2013 Polio Plus Eradication Summary

Related Pages
Photo Albums

Polio Plus Report, Jane Williams, District 7450 District Polio Chair

As 2013 draws to a close, it is important to note and be encouraged by the progress that we Rotarians – along with the global community- have made in wiping out the dreaded polio disease; and of course, we must also be realistic about the challenges we face and the need to keep pursuing the end goal – the total eradication of polio from the face of the earth.

First the good news: In Afghanistan, no indigenous cases of wild poliovirus have occurred all year - all cases are linked to cross-border transmission with neighboring Pakistan.
  • In Nigeria, the polio virus is increasingly geographically restricted – primarily to Kano and Borno states. Over the past 4 months, only four cases have occurred in the country, despite the onset of the rainy season (the “high season” for polio transmission).
  • The Horn of Africa outbreak is on the decline, including in Banadir, Somalia, the “engine” of the outbreak (no cases since July).
  • Across-regional emergency approach is being implemented in the Middle East where more than 20 million children will be immunized because of the recent infections in Syria. Dr. Bruce Aylward of the W.H.O. assures us that all children passing through refugee camps will be immunized.
  • The overriding operational priority for the Global Polio Eradication Initiative is to ensure all children are reached during supplementary immunization activities during the 2014 ‘low season’ for polio transmission.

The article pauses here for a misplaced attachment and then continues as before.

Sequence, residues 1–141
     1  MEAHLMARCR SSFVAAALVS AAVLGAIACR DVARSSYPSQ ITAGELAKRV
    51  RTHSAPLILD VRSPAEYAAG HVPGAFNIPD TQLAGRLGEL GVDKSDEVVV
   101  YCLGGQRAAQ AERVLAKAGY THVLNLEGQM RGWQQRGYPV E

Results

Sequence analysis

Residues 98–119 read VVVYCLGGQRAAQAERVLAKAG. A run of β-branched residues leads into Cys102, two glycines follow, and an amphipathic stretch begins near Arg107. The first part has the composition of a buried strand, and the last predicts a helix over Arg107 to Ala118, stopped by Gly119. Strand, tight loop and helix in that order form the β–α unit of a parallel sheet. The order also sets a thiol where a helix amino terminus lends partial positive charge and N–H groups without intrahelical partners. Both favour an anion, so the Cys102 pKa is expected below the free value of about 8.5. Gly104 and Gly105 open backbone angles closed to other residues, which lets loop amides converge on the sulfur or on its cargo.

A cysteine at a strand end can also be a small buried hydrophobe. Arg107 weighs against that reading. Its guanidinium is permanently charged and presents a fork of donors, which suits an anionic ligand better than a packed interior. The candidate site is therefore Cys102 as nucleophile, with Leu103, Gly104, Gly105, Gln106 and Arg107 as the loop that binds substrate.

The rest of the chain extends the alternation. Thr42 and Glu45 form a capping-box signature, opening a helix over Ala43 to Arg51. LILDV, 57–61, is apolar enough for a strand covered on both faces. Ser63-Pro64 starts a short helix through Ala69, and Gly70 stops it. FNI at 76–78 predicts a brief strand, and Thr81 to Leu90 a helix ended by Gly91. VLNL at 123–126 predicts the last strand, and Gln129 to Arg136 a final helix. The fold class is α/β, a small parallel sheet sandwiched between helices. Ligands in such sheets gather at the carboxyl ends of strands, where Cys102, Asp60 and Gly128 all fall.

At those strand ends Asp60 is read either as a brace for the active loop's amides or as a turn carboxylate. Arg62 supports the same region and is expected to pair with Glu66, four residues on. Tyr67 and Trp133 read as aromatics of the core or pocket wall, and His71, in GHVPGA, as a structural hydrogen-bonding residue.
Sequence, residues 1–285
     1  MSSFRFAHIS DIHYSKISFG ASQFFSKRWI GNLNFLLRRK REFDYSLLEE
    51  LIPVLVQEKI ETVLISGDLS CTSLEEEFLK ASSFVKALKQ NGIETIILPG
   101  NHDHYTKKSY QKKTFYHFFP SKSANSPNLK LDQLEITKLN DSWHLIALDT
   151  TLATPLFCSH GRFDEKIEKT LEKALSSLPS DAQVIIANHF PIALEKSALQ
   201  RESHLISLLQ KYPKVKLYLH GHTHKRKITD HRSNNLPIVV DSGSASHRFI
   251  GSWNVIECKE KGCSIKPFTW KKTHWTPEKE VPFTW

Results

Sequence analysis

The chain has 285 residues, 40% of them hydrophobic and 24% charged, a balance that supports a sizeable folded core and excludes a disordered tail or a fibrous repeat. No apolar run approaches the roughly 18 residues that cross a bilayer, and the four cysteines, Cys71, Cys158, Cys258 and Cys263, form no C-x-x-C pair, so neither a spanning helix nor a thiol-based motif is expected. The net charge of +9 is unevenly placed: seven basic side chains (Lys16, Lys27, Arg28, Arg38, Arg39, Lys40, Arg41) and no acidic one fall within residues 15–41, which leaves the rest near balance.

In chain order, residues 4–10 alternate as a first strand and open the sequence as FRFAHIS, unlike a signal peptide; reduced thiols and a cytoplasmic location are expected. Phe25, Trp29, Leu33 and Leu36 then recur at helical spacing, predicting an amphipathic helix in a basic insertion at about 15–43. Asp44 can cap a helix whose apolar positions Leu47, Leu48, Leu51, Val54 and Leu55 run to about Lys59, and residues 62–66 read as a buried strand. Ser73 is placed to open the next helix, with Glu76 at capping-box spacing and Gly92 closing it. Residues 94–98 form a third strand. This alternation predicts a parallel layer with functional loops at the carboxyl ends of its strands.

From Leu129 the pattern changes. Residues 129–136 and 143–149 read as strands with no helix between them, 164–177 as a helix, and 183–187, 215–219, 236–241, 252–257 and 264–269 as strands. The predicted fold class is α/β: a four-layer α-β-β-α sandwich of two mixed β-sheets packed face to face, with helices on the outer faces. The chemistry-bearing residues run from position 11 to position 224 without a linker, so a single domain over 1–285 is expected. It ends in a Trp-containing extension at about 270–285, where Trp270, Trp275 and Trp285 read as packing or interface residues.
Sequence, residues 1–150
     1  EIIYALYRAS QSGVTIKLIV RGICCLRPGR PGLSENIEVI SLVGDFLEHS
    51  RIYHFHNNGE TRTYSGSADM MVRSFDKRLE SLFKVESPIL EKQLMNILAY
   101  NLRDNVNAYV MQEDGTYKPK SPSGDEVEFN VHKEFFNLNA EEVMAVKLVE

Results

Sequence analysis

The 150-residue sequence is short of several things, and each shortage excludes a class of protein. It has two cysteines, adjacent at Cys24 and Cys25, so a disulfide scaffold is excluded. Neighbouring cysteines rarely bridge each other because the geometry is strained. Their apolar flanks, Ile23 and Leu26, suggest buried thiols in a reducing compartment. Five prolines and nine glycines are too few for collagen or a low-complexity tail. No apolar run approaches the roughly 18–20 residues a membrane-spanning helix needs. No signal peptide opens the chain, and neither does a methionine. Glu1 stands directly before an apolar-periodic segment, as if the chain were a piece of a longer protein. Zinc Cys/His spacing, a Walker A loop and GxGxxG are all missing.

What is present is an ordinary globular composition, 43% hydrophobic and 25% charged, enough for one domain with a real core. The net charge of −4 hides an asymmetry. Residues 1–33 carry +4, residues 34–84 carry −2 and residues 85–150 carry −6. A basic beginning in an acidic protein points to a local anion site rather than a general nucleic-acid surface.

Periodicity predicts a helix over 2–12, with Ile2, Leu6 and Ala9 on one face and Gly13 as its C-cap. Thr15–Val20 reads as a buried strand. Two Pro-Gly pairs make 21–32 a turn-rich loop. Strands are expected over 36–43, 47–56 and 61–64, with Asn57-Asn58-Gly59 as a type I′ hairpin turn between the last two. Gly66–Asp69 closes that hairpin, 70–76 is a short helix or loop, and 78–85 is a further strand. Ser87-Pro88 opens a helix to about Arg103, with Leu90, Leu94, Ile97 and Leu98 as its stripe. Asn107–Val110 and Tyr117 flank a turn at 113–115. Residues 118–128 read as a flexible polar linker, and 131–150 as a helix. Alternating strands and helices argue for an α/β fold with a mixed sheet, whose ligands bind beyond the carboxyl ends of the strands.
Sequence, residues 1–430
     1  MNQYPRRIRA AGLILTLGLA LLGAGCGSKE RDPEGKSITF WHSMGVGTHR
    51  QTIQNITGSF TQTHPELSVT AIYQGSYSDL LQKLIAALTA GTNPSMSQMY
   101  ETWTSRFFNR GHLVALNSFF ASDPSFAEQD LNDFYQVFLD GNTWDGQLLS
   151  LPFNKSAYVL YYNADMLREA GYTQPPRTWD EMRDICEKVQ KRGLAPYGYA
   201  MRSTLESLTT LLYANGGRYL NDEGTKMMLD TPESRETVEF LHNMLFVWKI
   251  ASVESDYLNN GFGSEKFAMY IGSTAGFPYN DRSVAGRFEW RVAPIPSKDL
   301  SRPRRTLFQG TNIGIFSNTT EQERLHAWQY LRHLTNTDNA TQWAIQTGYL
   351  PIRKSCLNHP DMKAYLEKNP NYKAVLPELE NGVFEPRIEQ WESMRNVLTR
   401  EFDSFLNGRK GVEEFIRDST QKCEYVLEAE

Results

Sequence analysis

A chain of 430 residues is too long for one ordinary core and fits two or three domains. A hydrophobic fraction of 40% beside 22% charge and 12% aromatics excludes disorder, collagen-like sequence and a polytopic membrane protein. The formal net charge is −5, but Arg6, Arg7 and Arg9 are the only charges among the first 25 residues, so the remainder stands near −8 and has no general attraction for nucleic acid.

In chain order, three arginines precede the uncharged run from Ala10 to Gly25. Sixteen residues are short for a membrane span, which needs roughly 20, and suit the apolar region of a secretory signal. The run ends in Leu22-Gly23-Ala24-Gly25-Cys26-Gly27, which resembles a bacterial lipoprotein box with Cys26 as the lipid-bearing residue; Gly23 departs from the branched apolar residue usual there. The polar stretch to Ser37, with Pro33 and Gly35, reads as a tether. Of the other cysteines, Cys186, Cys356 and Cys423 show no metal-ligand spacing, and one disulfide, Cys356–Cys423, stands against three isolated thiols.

And now for the challenges:
  • In Pakistan, the primary problems reside in the Federally Administered Tribal Areas (FATA), in particular North Waziristan. During the ‘high season’ in the past four months, 52 cases of wild poliovirus have been reported from FATA, with evidence of widespread geographic transmission across the country. Areas within Pakistan are being re-infected, as is neighboring Afghanistan, and the outbreak in the Middle East originated in Pakistan. North Waziristan is the area with the largest number of children being paralyzed by poliovirus in Pakistan. Immunization activities have been suspended by local leaders since June 2012. It is critical that children in all areas are vaccinated and protected from poliovirus. Immunizations in neighboring high-risk areas are being intensified, to further boost population immunity levels in those areas and prevent further spread of this outbreak.
  • This time last year we had only 214 polio infections globally. To date this year we are at 360. Only 136 of those 360 cases were in endemic countries, Nigeria, Pakistan and Afghanistan. The remaining 224 cases were from non-endemic countries, primarily Somalia where 183 children were infected. So one can see that political unrest and instability represent major roadblocks to eradication of the disease, but Dr. Aylward of the W.H.O. remains optimistic about our ability to overcome these obstacles. After all, if India can obtain and retain polio-free status, we can make it happen everywhere!